The second argument relativists present is that truth varies from person to person. “what's true for you does not have to be true for me”. In religion, there are three basic beliefs about what happens at death. They are resurrection, the belief that the spirit will be taken to heaven or an after-life following death, reincarnation, stating that a spirit is born again into the world, taking on a new form, and extinction, the belief that after death, there is no more, the soul dies with the body. All of these cannot be true. There is only one truth. Some relativists believe that if one believes in any of these three enough, it will be true for them. For instance, if a Christian believes that they will be resurrected, then upon their death, this will be true for them. At the same time, if an atheist believes in extinction enough, they will become extinct at death. This reasoning is false. If we are able to determine what happens to us upon our deaths, that makes us gods. If an atheist, who believes in extinction is able to make themselves extinct upon death, then what happens to the god? The god is eliminated, creating chaos in the universe.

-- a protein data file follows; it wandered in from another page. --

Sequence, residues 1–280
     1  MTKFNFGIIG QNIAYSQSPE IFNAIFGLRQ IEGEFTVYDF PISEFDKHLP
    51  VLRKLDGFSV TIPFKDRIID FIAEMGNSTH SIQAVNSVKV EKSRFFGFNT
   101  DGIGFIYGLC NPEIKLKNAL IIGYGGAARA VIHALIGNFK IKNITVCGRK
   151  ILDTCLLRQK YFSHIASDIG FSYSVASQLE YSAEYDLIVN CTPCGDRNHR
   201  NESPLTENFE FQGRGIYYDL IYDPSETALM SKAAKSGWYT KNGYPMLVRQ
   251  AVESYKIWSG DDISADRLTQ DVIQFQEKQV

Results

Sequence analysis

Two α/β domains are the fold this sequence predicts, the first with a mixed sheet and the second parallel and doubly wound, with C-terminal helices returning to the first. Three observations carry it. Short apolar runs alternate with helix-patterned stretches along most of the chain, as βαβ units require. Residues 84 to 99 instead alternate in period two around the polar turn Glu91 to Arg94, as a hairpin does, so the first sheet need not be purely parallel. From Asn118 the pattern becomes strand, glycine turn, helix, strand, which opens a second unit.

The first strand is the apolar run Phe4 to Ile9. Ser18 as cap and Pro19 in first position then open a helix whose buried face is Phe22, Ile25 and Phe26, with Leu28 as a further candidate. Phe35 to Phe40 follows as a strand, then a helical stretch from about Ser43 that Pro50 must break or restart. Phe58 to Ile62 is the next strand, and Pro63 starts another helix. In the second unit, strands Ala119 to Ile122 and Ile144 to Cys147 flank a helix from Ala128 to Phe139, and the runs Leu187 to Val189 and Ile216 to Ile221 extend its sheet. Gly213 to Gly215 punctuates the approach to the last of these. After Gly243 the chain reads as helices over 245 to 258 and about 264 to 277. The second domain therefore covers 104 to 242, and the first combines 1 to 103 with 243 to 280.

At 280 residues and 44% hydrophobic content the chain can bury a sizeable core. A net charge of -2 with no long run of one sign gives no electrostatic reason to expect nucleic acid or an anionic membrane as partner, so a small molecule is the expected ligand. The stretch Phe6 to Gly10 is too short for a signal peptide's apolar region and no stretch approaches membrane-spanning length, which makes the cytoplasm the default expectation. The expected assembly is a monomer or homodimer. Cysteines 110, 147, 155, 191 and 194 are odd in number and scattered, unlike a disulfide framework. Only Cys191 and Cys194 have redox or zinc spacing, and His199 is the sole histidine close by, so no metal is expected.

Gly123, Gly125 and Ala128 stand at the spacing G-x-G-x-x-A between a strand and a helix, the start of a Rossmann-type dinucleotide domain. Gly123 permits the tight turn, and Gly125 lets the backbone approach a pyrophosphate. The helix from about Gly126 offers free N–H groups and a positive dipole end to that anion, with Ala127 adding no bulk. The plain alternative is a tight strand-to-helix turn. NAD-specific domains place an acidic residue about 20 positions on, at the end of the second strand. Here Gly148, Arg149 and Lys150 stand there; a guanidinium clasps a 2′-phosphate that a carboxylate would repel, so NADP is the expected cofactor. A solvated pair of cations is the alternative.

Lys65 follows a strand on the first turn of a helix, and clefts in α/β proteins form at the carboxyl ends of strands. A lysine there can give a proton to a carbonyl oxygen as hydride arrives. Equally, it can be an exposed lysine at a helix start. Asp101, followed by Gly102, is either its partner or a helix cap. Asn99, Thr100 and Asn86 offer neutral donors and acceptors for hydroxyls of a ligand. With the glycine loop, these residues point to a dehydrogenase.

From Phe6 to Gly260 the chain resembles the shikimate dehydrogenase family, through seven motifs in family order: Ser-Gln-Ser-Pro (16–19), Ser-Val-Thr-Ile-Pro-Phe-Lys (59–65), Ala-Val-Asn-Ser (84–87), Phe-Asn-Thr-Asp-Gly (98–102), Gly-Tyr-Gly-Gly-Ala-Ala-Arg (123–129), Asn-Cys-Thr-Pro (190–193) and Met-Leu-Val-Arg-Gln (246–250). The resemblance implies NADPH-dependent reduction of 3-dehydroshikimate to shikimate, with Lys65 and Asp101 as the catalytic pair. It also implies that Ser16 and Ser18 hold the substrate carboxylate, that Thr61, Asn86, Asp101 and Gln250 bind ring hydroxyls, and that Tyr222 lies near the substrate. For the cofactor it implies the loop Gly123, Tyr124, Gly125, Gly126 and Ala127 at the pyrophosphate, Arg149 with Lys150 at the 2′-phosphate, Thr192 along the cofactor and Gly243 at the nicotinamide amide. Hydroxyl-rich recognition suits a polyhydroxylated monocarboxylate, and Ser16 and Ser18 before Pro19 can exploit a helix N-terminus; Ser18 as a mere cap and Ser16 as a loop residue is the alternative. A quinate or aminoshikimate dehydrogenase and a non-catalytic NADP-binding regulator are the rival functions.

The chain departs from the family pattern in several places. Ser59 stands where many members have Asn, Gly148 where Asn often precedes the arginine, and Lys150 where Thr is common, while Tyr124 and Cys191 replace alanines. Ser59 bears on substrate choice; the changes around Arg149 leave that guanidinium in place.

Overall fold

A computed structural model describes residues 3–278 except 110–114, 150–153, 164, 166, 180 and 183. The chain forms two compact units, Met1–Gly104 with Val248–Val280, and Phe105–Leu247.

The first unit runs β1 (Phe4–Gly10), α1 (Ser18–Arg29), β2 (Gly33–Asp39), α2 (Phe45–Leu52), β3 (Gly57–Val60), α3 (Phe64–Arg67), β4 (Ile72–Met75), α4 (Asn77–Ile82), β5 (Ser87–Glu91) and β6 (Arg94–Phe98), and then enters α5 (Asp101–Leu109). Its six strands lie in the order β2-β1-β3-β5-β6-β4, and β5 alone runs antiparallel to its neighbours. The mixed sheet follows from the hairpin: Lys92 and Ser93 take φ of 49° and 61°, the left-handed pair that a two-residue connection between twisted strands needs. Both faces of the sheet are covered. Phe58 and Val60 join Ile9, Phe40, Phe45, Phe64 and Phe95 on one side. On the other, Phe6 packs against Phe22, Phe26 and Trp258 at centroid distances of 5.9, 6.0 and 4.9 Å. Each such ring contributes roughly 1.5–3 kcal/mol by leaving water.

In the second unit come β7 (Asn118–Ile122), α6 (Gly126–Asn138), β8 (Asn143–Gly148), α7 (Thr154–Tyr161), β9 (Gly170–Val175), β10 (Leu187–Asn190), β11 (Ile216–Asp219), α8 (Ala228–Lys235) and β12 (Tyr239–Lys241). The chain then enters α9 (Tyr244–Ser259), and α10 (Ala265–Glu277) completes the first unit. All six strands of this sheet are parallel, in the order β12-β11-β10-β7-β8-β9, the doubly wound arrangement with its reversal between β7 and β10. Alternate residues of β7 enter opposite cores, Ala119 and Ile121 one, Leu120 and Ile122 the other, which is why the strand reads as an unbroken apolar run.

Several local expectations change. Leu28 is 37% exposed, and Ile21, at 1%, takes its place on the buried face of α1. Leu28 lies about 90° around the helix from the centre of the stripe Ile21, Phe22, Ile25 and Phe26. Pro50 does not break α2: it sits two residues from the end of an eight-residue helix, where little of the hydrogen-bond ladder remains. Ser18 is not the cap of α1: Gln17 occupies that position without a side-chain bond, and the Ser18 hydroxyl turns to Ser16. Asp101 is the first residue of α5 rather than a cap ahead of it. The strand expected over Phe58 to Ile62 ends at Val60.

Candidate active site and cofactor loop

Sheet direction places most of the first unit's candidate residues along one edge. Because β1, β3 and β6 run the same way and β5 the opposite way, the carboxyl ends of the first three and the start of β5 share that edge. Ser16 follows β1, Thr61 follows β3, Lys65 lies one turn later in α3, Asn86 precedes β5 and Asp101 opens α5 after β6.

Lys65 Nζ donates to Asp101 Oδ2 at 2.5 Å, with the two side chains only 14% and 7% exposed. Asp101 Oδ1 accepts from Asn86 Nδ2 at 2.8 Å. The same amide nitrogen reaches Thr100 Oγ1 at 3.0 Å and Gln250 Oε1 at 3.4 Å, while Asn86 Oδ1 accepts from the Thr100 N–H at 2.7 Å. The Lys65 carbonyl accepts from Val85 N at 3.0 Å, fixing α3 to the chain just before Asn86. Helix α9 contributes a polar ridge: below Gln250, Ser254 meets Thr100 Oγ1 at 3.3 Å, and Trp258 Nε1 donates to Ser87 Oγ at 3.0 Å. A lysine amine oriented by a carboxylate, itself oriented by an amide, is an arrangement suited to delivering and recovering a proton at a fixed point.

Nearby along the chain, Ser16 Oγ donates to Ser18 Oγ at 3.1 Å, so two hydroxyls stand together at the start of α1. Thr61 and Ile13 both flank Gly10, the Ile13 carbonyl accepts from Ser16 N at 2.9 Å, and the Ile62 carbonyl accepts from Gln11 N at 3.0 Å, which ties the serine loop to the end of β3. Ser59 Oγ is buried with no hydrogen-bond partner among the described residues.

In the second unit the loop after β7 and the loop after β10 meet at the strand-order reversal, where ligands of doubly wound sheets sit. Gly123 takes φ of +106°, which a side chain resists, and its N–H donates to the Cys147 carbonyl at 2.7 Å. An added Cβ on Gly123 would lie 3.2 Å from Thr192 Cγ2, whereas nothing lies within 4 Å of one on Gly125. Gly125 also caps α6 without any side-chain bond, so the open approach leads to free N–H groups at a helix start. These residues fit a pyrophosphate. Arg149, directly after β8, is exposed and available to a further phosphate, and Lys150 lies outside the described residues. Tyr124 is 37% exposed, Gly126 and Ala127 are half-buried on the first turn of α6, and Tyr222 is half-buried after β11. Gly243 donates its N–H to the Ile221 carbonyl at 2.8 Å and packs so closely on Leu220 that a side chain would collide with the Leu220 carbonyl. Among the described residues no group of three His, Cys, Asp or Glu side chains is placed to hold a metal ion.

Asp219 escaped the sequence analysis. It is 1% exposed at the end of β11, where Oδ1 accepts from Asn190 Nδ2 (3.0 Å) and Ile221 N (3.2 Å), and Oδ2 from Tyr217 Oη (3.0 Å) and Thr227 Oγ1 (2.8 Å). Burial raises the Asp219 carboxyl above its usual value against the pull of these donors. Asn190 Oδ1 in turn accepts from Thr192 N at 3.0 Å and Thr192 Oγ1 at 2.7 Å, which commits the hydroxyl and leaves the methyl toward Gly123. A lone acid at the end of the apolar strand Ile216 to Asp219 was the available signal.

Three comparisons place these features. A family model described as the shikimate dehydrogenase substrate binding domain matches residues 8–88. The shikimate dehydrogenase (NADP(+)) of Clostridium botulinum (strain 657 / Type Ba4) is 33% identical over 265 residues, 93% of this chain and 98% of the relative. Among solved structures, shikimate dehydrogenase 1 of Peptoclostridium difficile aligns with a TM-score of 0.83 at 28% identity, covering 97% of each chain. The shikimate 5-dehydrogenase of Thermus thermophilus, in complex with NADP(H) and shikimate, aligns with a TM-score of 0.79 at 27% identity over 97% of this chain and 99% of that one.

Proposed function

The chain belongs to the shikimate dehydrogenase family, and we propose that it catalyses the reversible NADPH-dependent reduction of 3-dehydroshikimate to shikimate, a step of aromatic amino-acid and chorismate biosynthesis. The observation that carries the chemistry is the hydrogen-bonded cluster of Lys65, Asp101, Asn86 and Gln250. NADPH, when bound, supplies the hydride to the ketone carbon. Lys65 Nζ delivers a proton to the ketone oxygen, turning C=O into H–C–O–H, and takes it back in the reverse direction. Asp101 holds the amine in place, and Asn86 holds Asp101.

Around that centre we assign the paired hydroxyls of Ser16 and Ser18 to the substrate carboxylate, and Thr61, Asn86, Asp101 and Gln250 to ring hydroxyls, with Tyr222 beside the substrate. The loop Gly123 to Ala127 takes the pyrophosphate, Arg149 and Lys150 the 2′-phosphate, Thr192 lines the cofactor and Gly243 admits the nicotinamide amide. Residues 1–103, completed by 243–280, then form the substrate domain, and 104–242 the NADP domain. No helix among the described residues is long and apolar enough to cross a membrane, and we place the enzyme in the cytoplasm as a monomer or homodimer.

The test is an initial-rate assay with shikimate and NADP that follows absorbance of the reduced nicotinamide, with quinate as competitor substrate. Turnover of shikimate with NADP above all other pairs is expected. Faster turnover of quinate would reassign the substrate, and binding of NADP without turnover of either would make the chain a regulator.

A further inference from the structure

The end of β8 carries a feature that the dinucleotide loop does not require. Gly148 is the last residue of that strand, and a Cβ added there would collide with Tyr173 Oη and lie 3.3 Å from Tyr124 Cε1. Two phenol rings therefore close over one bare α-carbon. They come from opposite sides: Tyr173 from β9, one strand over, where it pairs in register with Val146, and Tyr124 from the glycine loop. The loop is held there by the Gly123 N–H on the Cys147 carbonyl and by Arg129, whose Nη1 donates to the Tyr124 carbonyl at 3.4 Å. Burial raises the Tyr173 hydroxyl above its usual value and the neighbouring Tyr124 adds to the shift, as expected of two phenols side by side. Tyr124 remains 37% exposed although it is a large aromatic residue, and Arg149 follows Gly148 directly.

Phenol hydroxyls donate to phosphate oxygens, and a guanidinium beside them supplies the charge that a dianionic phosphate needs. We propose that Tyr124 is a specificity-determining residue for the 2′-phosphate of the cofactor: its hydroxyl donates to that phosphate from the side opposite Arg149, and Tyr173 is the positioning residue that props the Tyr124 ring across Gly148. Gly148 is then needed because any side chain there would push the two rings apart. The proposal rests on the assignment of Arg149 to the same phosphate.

The final statement a relativist may make when arguing about religious beliefs is that ,even though religions contradict each other, they all lead to the same spiritual experience. “All roads lead to Rome”, if you will. That statement says that there is only one god who has chosen to manifest himself in many different forms. He appears to different people in different situations in different ways, in order to appeal to them at different times. This is the universalistic approach. Universalism is a theological doctrine stating that all human beings will eventually be saved. This is also a false belief. As stated above, different religions have different beliefs about the afterlife. Why would a god lie to their believers in such radically different ways? It is warped reasoning.

Relativism is a strong belief, wanting to make everyone happy. It has its roots in tolerance, but it has strayed from true tolerance. Only tolerance can unite people with different beliefs, bring understanding and compassion to the world. Relativism is nothing more than a band-aid. It seeks to let everyone be happy. It does not call for higher understanding or compassion of any other religions. Instead, it only seeks to let everyone have their own say and turn a deaf ear to anything that is not a part of their beliefs.

Written after attending a lecture given by James Sires, author of I'm ok, You're ok, That's ok, Ok?